Zlamalova says there are a lot of Brits in the German factory who do not want to come back, adding “they don’t want to be a part of that environment.” Maddy Ross, a 24-year-old Australian who moved from Sydney to work in the German factory in December, echoes Zlamalova’s point, saying, “English is one of the biggest nationalities here. A lot of people don’t want to go back.” As for herself, Ross admits she had always envisioned living in the UK. “That was once a dream, but I’m not sure now,” she says, adding that from a foreign-worker’s perspective, what’s going on in the UK “feels a bit chaotic.”
The exodus has been particularly severe with EU migrants. Patricia Fernandes Pereira, who works on the manufacturing payroll team in Poole, is starting to get worried. “A lot of my staff are leaving now to go back to their country,” she says.
Those who left include 35-year-old Lithuanian migrant Andrius Antanaitis, who first started working for Lush’s Poole factory in 2012. Once Britain had voted to leave, Antanaitis knew he wanted to leave too. He didn’t know what was going to happen to people like him, nor was he particularly interested in jumping through hoops to stay. “You feel second grade, having to go through all that process again.”
Lush created a new role for those who do want to stay in the UK, an advisory position to look after staffers’ immigration needs. Nikki Williams, an American who had worked in Lush for over a decade, calls herself the freedom of movement officer. Since Britain voted to leave the EU, Williams set out to make something as complex as migration law simple. Williams has led information sessions for both EU and British workers on their current rights. If people want to work with the solicitors, Lush has arranged a special fee and offered a loan.
How Lush is picking up the pieces
Since Britain voted to leave the EU, migrants have left the country in droves. Net migration, the difference between the number of immigrants entering the UK and those leaving, was estimated to be 248,000 in 2016—down 84,000 from 2015. The drop was largely driven by a “statistically significant increase” in the number of migrants leaving the country, the Office of National Statistics note.
Immediately after Brexit, Lush’s senior management went from monthly meetings to meeting every single week, Constantine says, adding they had to debate every UK investment. “There was no board that met the day after Brexit to work out how they can increase business in Britain,” he explains.
The Düsseldorf factory has grown rapidly. From March 2016 to the end of July, it was only supplying Germany. The factory is now supplying five other markets (France, Holland, Luxembourg, Czech and Belgium). While it was always the plan for the German factory to supply fresher products to some European markets, Lush said in a statement last year that it had “done it with a bullet” following the Brexit vote.
If the government pursues a so-called hard Brexit (where Britain leaves the single market and the customs union), Constantine and Jones say they’ll be forced to do more business abroad. The British government has confirmed that freedom of movement will come to an end in March 2019. Constantine describes the move as “anti-business.”
Lush is particularly worried about a skills shortage. The company is lobbying the government to put the role of “master compounder” (the title Lush uses for its workers who create the more special and unique products by hand) on the officially protected list.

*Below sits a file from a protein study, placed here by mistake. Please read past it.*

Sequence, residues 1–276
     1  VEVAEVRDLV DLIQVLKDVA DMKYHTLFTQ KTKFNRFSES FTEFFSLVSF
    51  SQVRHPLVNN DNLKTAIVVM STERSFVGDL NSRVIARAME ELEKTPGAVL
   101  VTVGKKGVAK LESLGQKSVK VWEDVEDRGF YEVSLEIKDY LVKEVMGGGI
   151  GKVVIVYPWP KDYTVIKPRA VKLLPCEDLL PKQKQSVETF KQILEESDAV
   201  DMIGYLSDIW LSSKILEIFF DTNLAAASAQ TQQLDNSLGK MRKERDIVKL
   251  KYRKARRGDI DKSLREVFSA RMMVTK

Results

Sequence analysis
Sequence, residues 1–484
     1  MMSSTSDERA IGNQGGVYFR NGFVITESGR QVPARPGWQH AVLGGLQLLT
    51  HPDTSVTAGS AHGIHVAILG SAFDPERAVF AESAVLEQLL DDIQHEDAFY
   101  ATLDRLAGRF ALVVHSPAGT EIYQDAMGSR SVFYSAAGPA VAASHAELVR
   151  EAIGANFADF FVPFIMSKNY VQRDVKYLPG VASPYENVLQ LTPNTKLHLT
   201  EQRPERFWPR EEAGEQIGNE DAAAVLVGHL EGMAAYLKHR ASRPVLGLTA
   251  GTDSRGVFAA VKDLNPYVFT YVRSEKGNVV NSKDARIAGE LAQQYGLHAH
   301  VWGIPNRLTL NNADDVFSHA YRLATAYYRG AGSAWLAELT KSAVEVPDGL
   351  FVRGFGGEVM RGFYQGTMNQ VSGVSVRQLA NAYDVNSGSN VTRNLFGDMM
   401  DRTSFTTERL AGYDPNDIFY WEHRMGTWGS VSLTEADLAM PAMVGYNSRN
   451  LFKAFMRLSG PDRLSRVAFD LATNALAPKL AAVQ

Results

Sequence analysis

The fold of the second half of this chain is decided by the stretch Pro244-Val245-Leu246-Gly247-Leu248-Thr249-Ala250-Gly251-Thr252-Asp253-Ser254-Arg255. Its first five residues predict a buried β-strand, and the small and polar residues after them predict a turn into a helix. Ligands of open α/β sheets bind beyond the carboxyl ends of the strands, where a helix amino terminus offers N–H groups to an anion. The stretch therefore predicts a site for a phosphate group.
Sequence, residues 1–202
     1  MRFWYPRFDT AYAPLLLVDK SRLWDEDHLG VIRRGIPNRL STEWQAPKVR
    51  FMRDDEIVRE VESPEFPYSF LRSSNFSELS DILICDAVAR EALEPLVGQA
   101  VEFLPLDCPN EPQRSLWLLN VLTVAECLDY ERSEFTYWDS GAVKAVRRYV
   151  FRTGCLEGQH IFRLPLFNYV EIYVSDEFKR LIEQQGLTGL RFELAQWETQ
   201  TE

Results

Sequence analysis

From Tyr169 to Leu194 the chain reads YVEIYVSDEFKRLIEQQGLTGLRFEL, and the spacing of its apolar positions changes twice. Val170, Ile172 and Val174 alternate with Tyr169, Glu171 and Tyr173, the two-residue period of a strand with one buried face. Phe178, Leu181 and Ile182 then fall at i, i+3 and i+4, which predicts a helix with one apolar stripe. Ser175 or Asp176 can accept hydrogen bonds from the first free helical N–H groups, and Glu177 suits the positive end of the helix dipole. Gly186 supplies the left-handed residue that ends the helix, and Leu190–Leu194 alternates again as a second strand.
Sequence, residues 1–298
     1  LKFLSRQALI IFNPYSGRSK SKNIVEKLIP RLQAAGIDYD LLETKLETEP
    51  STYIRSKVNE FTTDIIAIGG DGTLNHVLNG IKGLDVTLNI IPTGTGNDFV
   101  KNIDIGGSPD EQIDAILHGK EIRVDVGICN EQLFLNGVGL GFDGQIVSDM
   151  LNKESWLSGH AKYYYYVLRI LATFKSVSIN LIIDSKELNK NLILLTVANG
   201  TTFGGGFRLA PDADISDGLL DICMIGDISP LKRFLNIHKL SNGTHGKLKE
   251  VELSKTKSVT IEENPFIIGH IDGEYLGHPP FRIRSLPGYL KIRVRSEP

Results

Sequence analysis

Lush isn’t the only company worried. Across the UK, businesses have called on the government to ease immigration restrictions. One British farmer pointed out that he’s had one Brit apply for a job picking fruit in Surrey—and that man left after his first day (the work was reportedly too hard).
Any dramatic reduction in immigration will also hit vital services. “The NHS [the national health service] is a classic one, where it’s essentially reliant on EU citizens working as doctors and nurses,” says Thomas Cole, head of policy and research at Open Britain, a private group fighting to keep the UK in the single market and customs union.
Any significant drop in immigration will come at a price. In 2016, the UK Office for Budget Responsibility forecast that lower migration could end up costing £6 billon ($7.7 billon) a year by 2020-21. Cole points out that EU migrants put more into the economy then they take out in benefits; a reduction likely will mean the government will either have to raise taxes or cut services. The government has to be willing to ask the public, “Are you willing to accept the economic consequences?” says Cole.
That view from the harbor
Constantine is keen to stress that support for migration should never be about access to cheap labor, but centered on what he calls “inspired labor”—driven people who have the enthusiasm and talent to transform businesses.
With that, Constantine goes back to his beloved birds. He’s keen to point out that the species that have become synonymous with the romantic British countryside—nightingales, cuckoos, and British skylarks—are declining rapidly. Intensive farming has been blamed for the loss of many varieties. “They’ve just destroyed it all,” he says.
For Constantine, it’s about defending the backbone of British culture and society; from the nightingales that inspired John Keats’ most famous poem, to the Polish migrants putting together everyone’s favorite bath bomb. “They’ll have to nail me to a cross before I accept there are differences between this person and that person,” he says and laughs again.
For a man ready to take on the British government and more than half the country, he looks remarkably relaxed.